An Edinburgh firm has been created to commercialize the process for producing biofuels from Scotland's $6 billion malt whisky industry. The biofuel could be turned into biobutanol, which could be a substitute for fossil fuels and other biological by-products
Being able to harness the already existing by-products from whisky production is no small matter. Each year the whisky industry produces 1,600 million liters of pot ale (the residue left in the copper stills) and the 500,000 tons of draff (the spent grains) alone as by-products of distilling — and these elements just happen to be key in the creation of the biofuel.
That's a lot of whisky and lots of potential biofuel.
Research suggests that biobutanol could provide 25% more power output than traditional bioethanol. There's another benefit — butanol can run in unmodified engines with gas and can be blended with diesel and biodiesel; something ethanol can't do.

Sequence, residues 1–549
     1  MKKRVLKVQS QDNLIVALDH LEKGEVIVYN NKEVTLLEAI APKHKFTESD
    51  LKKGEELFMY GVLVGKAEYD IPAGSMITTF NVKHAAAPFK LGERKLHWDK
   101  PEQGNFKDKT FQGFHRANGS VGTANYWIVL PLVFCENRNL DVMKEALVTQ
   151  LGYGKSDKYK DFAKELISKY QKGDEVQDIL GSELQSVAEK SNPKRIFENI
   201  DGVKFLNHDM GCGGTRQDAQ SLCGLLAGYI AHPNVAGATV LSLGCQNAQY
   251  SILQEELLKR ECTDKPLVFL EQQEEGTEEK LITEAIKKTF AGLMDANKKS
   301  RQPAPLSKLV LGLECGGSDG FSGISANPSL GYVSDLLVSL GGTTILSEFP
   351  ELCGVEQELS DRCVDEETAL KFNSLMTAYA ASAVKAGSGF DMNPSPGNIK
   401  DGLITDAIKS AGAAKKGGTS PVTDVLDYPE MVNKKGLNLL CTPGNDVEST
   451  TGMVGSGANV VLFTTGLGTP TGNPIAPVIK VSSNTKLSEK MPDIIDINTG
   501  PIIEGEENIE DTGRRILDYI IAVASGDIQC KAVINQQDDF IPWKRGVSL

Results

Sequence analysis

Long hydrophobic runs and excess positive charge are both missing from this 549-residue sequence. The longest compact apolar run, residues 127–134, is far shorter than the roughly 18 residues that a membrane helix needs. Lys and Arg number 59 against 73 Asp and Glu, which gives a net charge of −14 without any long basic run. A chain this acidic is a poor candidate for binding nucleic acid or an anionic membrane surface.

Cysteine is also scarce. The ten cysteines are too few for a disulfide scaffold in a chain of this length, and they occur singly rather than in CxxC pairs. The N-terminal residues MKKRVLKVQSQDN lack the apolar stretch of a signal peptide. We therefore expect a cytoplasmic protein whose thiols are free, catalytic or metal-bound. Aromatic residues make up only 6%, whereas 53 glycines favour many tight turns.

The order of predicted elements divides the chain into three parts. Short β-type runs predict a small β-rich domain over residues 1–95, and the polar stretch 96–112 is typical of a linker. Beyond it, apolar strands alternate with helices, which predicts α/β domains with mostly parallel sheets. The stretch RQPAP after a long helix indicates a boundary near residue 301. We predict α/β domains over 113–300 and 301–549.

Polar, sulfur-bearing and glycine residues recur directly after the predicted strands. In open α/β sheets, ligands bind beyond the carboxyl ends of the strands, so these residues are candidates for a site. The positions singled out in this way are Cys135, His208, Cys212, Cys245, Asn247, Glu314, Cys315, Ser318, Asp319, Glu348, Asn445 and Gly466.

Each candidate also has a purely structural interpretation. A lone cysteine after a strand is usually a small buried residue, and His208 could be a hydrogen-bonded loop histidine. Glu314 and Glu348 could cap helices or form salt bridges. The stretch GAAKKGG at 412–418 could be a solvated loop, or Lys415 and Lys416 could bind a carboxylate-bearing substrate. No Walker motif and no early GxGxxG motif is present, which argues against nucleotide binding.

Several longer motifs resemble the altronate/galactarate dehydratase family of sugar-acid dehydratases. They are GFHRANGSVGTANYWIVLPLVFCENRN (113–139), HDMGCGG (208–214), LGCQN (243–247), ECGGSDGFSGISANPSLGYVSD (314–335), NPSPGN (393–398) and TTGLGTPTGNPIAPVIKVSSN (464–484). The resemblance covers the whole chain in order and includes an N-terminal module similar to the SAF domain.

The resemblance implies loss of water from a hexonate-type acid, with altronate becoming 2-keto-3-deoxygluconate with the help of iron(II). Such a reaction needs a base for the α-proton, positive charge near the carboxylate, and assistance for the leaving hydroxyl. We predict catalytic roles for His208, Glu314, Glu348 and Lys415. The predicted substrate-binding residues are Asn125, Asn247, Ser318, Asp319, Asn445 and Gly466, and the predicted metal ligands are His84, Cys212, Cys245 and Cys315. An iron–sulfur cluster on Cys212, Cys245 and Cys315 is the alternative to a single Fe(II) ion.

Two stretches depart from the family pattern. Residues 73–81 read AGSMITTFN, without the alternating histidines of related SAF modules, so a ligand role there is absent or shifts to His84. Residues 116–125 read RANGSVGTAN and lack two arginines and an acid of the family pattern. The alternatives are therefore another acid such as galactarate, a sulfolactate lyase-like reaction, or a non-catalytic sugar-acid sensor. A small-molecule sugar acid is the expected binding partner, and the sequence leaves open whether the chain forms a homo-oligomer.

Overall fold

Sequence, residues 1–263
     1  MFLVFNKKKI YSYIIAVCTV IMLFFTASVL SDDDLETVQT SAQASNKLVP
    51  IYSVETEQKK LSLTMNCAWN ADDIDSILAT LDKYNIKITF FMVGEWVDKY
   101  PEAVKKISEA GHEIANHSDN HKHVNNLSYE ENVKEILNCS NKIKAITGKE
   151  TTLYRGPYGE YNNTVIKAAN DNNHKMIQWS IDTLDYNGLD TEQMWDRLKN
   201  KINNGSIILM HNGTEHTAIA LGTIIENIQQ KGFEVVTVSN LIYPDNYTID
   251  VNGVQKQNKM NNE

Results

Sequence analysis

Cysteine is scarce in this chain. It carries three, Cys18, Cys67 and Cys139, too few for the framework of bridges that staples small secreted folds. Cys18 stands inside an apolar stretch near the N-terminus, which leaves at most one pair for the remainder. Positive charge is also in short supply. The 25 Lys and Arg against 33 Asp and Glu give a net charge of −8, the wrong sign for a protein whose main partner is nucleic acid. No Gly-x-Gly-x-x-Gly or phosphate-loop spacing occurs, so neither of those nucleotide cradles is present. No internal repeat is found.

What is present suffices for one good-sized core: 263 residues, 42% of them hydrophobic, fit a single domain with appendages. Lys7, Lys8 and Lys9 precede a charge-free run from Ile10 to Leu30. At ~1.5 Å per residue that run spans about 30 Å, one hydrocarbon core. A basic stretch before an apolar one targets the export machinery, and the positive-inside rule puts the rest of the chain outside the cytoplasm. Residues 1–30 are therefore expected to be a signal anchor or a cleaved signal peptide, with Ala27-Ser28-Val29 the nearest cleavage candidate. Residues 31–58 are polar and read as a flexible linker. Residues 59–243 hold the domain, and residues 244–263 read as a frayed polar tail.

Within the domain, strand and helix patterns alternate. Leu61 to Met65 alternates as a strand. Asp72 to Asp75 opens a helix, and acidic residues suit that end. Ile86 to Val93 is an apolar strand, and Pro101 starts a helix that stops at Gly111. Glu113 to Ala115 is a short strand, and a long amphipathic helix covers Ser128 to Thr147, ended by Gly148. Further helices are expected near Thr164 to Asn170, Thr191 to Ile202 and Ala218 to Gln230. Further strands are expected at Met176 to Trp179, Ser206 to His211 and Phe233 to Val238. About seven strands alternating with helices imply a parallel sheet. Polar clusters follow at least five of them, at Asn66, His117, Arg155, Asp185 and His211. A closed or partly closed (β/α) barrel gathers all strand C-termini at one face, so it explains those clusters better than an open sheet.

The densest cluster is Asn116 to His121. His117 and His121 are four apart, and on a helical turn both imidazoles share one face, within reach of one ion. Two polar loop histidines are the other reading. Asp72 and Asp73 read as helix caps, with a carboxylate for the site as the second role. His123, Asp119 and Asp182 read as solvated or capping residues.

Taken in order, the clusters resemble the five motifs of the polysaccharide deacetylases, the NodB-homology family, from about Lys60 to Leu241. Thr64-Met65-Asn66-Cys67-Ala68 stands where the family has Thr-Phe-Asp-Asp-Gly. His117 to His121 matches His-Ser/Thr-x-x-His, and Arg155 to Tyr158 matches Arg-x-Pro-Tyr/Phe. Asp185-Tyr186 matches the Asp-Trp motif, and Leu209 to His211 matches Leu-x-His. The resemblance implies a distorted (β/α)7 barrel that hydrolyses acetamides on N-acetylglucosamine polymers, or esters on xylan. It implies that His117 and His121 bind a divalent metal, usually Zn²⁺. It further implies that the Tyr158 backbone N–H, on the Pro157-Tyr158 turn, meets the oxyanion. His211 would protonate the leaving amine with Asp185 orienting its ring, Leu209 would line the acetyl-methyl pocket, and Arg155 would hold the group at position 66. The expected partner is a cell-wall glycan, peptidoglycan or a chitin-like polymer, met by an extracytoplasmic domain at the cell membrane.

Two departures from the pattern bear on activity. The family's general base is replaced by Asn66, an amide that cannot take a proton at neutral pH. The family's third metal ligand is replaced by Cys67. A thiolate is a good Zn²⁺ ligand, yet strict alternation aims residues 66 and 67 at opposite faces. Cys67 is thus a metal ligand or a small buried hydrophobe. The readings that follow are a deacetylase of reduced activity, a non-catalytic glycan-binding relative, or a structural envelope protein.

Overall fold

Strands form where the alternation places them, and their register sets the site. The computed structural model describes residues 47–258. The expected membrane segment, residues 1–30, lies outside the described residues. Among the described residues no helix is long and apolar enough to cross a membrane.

Edinburgh Napier University's Celtic Renewables Ltd. is now working with Scottish Enterprise to kick off the project at the industrial level. The start-up has received an initial grant from the government agency for over $415,000 and it receiving a separate grant of upwards of $109,000 for assistance in scale up and mapping out commercial feasibility.
Looking for local solutions to fossil fuel dependency is considered not only an innovative use of existing materials, but it is also good for the community.
Prof Martin Tangney, founder of Celtic Renewables and director of Napier University's Biofuel Research Centre, told the BBC: "…[biofuel] would reduce oil consumption and CO2 emissions while also providing energy security — particularly in the rural and remote homelands of the whisky industry."
Pardon the pun, but what a great way to use untapped resources!